Farmers turning to social media to answer your questions


  • Feature   Wed, Oct 6th, 2021   Kelly Daynard, Farm & Food Care Ontario
Tim May is a fourth generation dairy farmer from Rockwood who runs Mayhaven Farms with his family. He is better known as “Farmer Tim” on his active social media accounts, and has amassed a following of about 119,000 people on Facebook. (Photo credit: Face


Tim May is a fourth generation dairy farmer from Rockwood who runs Mayhaven Farms with his family. He is better known as “Farmer Tim” on his active social media accounts, and has amassed a following of about 119,000 people on Facebook. (Photo credit: Face


So, you’re looking for information about the meat you’ve bought in a grocery store – or the milk, or eggs or fresh fruits and vegetables. You have questions about how they’ve been grown or about the labels they carry. What IS the difference between grass fed and grain fed? Free range or free run? Organic or conventional? And what on earth is omega enriched?
You’re not alone. Canadians have lots of questions about their food. Above all, they want reassurances that the food they’re buying to feed their families is healthy, safe, environmentally-friendly and respectful of animal welfare standards. I get it – I want the very same thing.
For almost 20 years, nationwide focus group testing done by both Farm & Food Care Ontario (FFCO) and the Canadian Centre for Food Integrity has asked Canadians about their questions, concerns and levels of knowledge about food and farming. At FFCO, we then try to answer all those questions and more in regularly published editions of a national publication called The Real Dirt on Farming (www.RealDirtonFarming.ca)
In the last consumer study released in 2020, 93% of Canadians surveyed indicated they knew little or nothing about farming. That’s not surprising given that only 1 in 46 Canadians now lives on a farm, and back in the 1930’s, it was one in three.
But in the same survey last year, two-thirds of respondents said they’d like to know more. This represents a great opportunity for farmers to share their stories with the consuming public. And that’s exactly what they’re doing. They’re proud of what they do – and what their farming ancestors have done before them – and they’re eager to tell their stories and answer questions about what they’re doing.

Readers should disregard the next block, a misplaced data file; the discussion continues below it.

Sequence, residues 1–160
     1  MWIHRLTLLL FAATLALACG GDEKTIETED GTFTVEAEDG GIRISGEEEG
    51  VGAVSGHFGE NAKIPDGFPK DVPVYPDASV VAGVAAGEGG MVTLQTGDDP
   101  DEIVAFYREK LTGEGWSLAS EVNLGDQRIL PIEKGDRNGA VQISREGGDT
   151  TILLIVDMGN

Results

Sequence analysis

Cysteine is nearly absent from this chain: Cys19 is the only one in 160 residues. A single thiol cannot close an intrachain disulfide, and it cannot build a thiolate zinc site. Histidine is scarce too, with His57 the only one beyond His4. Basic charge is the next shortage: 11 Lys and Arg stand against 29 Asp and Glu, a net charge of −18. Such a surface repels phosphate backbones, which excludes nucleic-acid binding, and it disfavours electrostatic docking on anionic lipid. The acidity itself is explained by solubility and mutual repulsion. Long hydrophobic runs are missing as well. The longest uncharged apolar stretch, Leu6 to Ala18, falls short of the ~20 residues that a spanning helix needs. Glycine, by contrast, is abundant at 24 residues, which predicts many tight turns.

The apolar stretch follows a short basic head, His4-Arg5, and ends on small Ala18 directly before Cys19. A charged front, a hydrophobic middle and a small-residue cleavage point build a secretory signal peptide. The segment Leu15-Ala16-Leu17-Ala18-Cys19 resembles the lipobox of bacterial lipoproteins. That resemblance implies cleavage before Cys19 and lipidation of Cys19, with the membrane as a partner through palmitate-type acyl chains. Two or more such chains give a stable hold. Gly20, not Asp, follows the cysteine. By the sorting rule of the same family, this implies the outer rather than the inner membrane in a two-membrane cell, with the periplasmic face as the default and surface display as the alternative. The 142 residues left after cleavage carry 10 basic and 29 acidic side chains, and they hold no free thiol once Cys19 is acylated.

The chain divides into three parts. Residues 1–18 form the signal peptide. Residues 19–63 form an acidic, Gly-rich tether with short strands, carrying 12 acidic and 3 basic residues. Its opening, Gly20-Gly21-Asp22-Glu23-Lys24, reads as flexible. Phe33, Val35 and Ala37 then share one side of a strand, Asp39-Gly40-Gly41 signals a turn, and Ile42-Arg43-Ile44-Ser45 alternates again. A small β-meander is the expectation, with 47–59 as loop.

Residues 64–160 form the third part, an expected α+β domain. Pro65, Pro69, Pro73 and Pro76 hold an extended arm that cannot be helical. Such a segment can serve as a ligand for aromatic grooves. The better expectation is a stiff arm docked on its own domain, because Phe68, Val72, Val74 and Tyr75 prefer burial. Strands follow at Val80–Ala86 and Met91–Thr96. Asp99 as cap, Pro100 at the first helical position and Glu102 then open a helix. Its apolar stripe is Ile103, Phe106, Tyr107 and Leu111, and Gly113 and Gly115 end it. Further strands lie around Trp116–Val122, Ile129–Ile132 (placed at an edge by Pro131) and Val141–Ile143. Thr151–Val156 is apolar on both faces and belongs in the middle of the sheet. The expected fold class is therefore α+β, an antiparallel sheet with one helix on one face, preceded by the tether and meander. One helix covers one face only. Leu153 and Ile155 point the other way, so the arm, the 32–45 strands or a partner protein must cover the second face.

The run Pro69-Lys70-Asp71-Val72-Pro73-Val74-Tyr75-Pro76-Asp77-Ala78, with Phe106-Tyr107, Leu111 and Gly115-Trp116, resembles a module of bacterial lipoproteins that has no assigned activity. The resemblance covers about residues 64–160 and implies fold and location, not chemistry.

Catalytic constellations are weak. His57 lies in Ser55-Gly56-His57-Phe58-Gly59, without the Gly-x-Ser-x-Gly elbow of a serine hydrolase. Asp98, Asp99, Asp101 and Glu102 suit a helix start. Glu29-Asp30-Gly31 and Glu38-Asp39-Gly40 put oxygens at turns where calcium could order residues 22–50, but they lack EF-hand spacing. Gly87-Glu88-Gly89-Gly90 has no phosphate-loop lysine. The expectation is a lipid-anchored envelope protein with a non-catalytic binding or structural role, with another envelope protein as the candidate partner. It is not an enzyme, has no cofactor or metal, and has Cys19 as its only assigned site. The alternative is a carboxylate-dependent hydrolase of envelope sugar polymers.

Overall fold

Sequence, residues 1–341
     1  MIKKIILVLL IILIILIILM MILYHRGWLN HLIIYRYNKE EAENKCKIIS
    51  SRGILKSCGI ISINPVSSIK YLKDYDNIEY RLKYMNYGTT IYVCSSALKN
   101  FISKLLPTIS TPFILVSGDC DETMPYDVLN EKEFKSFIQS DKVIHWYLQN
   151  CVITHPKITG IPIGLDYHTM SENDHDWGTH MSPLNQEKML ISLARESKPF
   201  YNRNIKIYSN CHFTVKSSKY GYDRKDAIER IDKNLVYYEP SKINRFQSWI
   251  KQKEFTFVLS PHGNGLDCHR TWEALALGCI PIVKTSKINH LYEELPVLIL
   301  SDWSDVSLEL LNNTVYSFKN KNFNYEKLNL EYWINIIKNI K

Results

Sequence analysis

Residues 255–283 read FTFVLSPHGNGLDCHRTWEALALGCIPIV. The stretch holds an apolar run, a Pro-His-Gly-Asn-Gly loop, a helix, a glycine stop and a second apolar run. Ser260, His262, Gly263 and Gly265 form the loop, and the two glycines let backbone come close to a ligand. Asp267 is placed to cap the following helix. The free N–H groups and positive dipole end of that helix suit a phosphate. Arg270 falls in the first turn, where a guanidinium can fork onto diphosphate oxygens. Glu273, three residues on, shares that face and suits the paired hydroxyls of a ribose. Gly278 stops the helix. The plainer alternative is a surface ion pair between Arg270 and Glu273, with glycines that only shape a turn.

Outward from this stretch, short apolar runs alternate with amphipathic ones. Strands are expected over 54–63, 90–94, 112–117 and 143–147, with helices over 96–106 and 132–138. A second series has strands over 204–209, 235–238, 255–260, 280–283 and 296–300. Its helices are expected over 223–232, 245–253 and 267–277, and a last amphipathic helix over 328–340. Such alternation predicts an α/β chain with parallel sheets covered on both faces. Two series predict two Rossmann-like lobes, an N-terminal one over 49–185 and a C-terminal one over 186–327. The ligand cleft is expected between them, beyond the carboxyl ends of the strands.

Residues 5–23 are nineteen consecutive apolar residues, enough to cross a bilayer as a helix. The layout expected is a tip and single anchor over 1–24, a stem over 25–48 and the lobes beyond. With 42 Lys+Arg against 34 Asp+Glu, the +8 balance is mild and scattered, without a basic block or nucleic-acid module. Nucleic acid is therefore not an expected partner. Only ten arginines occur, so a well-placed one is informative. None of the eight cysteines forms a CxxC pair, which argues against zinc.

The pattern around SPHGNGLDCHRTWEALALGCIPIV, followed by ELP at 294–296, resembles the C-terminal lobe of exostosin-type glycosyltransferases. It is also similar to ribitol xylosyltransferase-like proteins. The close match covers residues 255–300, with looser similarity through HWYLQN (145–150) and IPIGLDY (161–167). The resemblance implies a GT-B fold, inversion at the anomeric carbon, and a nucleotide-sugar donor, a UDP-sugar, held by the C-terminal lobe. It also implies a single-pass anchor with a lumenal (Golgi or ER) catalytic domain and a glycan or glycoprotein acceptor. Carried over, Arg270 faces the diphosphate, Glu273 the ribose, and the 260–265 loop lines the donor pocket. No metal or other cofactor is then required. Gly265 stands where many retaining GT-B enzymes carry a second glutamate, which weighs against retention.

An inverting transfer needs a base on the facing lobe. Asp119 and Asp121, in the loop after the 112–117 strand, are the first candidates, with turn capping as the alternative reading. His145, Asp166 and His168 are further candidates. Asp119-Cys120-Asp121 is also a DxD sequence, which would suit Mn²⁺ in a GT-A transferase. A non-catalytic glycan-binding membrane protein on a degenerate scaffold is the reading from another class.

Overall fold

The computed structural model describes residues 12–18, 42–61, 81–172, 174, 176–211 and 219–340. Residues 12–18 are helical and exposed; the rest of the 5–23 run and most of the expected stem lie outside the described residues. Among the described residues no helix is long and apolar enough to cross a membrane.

In the last decade, we’re seeing farmers turn to forms of social media – Twitter, Facebook, YouTube, Instagram and even TikTok – to tell their stories. And some are gaining huge numbers of followers. Ontario sheep farmer Sandi Brock (who goes by the handle Sheepishly Me), has 370,000 subscribers on YouTube where, daily, she posts videos of life on her family’s sheep and grain farm. “Farmer Tim,” a dairy farmer also from southwestern Ontario, now has 120,000 followers on Facebook. And many more across the province and country are posting daily posts about their animals, crops, farm life and more. They celebrate when planting and harvest are complete – and share the tougher stories about farm life too. Over the last month, farmers have posted photos of the massive damage to their crops caused by hail storms, tornados and rain events.
Look for them online by searching hashtags like #ontag (for Ontario agriculture) or #CdnAg (for Canadian agriculture) to see what they’re saying – and feel free to reach out with your questions about what they’re doing.
Vendors working at your local farmers’ markets and farmers selling local products from their on-farm stores are also great sources of information.
For those who may not have the opportunity to visit a real, working farm, websites like www.FarmFood360.ca also provide an immersive experience – it’s a chance for a farm tour without getting your boots dirty. Twenty farms and food processing facilities (mostly from Ontario) now have virtual tours up on that website, and last year, more than three million browsers stopped by to take a tour.
There are lots of places to get information about your food, directly from the farmers who produce it.
And if you can’t find an answer to your question, feel free to reach out to FFCO anytime at info@farmfoodcare.org
October 4 to 10 marks Ontario Agriculture Week, which celebrates the abundance of food our farmers produce. Throughout the week, I’d encourage you to take time to reflect on the great local food available to all of us. We truly are lucky to live in Ontario.